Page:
By Representative James Scott
President Obama was to head to Detroit on Monday to celebrate Labor Day in what used to be one of our nation's industrial powerhouses. Now, the city has been reduced to a sad shadow of its former self.
This, even as states like Georgia, Tennessee and South Carolina -- and, more importantly, countries like Mexico -- which have less-onerous labor laws, have enjoyed increased auto manufacturing investment and the high-paying jobs the industry creates.
Just as Detroit was once synonymous with cars, Akron, Ohio, used to be the tire capital of the world and steel was a much larger part of Pittsburgh, Pa., than just its football team.
Unfortunately, many of these other industries have been forced to move overseas rather than over state lines. Now, Firestone is owned by the Japanese Bridgestone Corp., steel is largely imported and Milwaukee power tools are manufactured in Asia.
In fact, when was the last time you bought a power tool made in America?
There is a common denominator in the fall of these cities and the industries they used to represent: dominant labor unions backed by the National Labor Relations Board and its one-sided interpretations of U.S. labor law. The NLRB has handed down decisions for years that have driven up costs of production in America and forced companies to move jobs overseas to compete in a global economy.
The NLRB's punishment of Boeing for the company's decision to open a second manufacturing facility and create jobs in South Carolina is well-known. But the episode is far from the first example of the NLRB overstepping its regulatory reach. The board's history is steeped in costly decisions that have been overturned by the U.S. Supreme Court after costing taxpayers and U.S. companies millions.
For example, in the 1939 case NLRB v. Fansteel Metallurgical Corp., the Supreme Court overturned the NLRB's ruling that employers could not fire workers who stopped production by staging sit-down strikes (leaving employers and their customers at the mercy of local labor unions).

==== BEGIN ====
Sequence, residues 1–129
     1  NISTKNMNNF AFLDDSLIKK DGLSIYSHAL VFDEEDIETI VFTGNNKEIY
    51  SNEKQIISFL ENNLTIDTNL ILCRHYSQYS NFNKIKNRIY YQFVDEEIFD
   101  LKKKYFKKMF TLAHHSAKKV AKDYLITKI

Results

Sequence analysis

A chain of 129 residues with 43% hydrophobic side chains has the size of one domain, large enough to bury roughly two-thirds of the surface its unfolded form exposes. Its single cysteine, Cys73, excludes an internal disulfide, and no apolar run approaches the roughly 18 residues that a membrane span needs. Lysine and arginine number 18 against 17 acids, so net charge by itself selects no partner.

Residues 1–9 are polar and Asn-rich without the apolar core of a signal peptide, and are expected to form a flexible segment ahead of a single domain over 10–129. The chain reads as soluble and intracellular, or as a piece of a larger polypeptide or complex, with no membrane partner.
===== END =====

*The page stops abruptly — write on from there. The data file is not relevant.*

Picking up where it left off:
In the 2002 case BE & K Construction Co. v. NLRB, the court reversed the NLRB's imposition of penalties on an employer for filing a lawsuit against a union attempting to organize employees (effectively an attempt to punish the employer for seeking access to the U.S. court system).
There is a simple reason why the Supreme Court has been forced to overturn these and many other NLRB decisions: the NLRB is biased against job creators by design.
When it reviews a case, it controls the investigators, the prosecutor and the judges. All these participants have a political agenda. This is a rigged system suitable for a show trial in a Third World country.
While every other person, business, civic club and homeowner's association in America must use the impartial U.S. courts to resolve their disputes, the labor unions get their own extrajudicial forum where the deck is stacked in their favor.
The result has been the development of onerous labor law that essentially forces manufacturers overseas.
One has to wonder if Honda's recent decision to build a new plant in Mexico was driven by the organized labor complaints they faced when they built a new facility in Ohio in 2007. Did the uncertain labor environment caused by the president's NLRB appointees cause Honda to look elsewhere to build cars?
We will never know how many jobs the NLRB's biased rulings have cost Americans. But we do know that a major manufacturer deemed Mexico, even with all its documented problems, more desirable than the U.S. for its $800 million investment. As a result, thousands of jobs will be created south of the border rather than here.
On Labor Day we can expect the president to repeat his tired and disputed tale that the taxpayer bailout of GM and Chrysler saved jobs. What he will ignore is the primary reason why the two companies failed in the first place: They had become uncompetitive after years of forced concessions to a United Auto Workers union backed by political partners like the president who use the NLRB to carry out their political agenda.
The NLRB's legacy is one of shuttered factories and vanished jobs throughout industry. Americans need those jobs. Congress needs to revisit the legislation that created the NLRB and make sure it can no longer operate as a job-killing kangaroo court. It must be forced to defend its decisions in the same place legislation passed by Congress is tested -- the federal court system. You need only to look to Detroit to see why.
* Scott represents the 8th Congressional District in south Georgia and is president of the 87-member Republican freshman class.